It was good to be back at home in her little house in the Scottish Countryside. In the dusk, the hills that rolled outside of her home like a green sea looked nearly black rather than their rich green. Heather sprung up covering the rich green with a sea of flowers. Minervra McGonnagal moved out of her cat form and back into that of a human woman. She enjoyed the romps she took in the rolling hills in her cat form. There was something invigorating in exploring the world from an entirely different vantage point that always made her feel a little younger than her years.
The sturdy little cottage had been aired out from the long months of unuse and now had been returned to the neat and tidy space that she liked it to be. Her grandfather's tartan still hang in its protective case over the fireplace. Her furniture was comfortable, if not a little overly plump. It was just enough space for her, if not a little large. She was not exactly the type of person who took up much space.
There was a loud crack in her kitchen and Minervra whipped out her wand and moved carefully towards the kitchen. No one should have been in her house. There were so few people that knew it's exact coordinates and no one should have been visiting, especially not inside the house to start. In these days you could never be too careful.
She turned the corner and the woman standing in the small but sunny room was all too familiar. She sighed and sagged, just a little, as relief flooded her. "Oh Dorcas. You gave me a start. I didn't expect to see you so soon. It's not often that I see you more than once every few years."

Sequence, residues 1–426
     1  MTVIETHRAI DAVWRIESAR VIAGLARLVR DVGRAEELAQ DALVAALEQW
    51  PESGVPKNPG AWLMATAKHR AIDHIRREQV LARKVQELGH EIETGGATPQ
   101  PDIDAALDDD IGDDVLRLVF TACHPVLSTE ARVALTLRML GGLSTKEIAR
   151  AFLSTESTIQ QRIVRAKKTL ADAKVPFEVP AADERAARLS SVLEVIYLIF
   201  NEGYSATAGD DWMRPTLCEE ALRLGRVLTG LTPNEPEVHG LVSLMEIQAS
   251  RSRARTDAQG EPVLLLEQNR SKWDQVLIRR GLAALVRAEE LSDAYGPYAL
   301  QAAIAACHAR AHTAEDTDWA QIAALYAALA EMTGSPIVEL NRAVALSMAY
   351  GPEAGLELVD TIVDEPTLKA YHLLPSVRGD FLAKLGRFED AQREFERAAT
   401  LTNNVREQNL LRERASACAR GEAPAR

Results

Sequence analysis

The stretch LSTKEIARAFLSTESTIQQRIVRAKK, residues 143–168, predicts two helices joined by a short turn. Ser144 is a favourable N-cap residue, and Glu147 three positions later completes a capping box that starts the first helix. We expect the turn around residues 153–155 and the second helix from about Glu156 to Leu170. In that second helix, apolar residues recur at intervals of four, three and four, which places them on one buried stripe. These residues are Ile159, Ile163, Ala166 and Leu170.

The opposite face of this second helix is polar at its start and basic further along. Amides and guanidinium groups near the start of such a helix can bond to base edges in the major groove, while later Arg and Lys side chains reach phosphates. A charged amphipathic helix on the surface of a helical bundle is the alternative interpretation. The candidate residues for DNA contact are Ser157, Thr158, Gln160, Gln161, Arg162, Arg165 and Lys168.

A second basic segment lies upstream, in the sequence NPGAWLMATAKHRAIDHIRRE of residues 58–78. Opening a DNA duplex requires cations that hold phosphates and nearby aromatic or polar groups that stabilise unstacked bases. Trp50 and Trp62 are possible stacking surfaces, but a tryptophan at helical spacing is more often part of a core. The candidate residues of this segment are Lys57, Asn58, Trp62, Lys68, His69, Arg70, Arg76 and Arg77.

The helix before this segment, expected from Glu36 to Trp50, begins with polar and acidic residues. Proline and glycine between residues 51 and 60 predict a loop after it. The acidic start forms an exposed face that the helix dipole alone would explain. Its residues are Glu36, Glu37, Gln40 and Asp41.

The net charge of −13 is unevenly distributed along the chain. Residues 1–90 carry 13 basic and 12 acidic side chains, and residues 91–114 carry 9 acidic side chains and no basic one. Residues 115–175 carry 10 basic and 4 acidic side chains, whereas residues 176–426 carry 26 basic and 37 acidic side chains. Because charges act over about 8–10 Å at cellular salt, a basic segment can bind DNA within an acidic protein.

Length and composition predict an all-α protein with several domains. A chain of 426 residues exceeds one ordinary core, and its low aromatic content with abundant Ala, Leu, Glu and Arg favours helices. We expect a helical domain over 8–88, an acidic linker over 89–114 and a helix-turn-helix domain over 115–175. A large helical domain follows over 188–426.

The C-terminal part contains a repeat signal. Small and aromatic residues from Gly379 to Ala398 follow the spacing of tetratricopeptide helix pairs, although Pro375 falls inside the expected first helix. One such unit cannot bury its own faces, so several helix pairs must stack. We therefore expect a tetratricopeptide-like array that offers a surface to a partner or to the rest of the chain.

The shorter woman turned in her bright blue robes and smiled. "My work was done for the time being and I thought I might stop by and visit a friend." Brown eyes examined the room as Minerva stood and drank in the sight of the other woman. "Another school year is over for you, hmm Min? Never did want to leave did you?"
Her spine stiffened at what she knew to be the oncoming onslaught. "There are children who need to be taught and I am quite capable of it."
"You could be doing so many other things."
"I enjoy what I'm doing," she reminded her friend briskly, setting the sturdy red teapot on the stove. "And what of you Dory? Tired of being brilliant?"
"You're becoming reckless."
"What do you know of recklessness Min?" Dorcas scoffed, her rosy face blooming into a smile, taking a seat at the table in the cozy. "It's been years since you've done anything of the sort."
She found her jaw tensing as she went about making up a plate for them to eat with their tea. Recklessnes had rarely been her pleasure and she needed no reminder that it was something that had long been considered a failing of hers. Especially not in times of this nature. "Your name is getting noticed Dory. It's a dangerous time for that."
"Now you're just being selfish," Dorcas chastised.
"I am not."
"You are so. Now isn't the time to be shy or hesitant," Dorcas reminded her, brim full of confidence. "It is a time for action Min, you know that."
"That does not mean you have to be so bloody loud about it," she hissed back. "Your name has been splashed all over the papers, carried everywhere. Best Witch of our Age," she said with a scoff.
"You don't agree?"
"You're one of," Minervra agreed, lifting the warm, whistling pot from the stove, "but you don't think You Know Who will take notice?"
Dorcas shrugged, giving off the air of a woman barely out of school rather than the woman past her 40th birthday that she was. "He was going to have to take notice of me either way."
"You're so…" infuriating stuck on her tongue and would not come out. Dorcas' visit was not the time for a row, at least not so soon. "This is not the time to be so wild with your ways Dorcas. It's a dangerous age. I worry so for the students that we are sending out into this world. It will not be easy."